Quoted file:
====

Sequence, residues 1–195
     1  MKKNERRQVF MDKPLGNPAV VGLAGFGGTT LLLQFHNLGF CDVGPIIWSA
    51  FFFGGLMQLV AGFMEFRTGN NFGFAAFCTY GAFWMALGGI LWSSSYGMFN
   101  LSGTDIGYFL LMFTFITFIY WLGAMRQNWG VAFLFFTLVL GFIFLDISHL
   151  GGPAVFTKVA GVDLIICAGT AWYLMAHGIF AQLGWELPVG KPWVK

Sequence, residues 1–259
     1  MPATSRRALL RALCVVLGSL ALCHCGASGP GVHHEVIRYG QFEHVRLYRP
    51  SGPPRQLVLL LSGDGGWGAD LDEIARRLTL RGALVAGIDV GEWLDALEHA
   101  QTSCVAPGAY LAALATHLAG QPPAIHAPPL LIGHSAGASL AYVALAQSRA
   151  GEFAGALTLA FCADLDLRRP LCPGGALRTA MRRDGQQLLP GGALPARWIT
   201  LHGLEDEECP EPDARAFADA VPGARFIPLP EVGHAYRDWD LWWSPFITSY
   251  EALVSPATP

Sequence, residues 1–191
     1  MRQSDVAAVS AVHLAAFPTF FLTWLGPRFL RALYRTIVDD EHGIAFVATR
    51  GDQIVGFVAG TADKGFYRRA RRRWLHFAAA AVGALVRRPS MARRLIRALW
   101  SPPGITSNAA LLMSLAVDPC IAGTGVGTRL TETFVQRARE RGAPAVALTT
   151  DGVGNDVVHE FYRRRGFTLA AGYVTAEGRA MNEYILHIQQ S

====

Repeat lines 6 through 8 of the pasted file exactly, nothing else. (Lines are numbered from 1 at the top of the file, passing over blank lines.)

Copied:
Sequence, residues 1–259
     1  MPATSRRALL RALCVVLGSL ALCHCGASGP GVHHEVIRYG QFEHVRLYRP
    51  SGPPRQLVLL LSGDGGWGAD LDEIARRLTL RGALVAGIDV GEWLDALEHA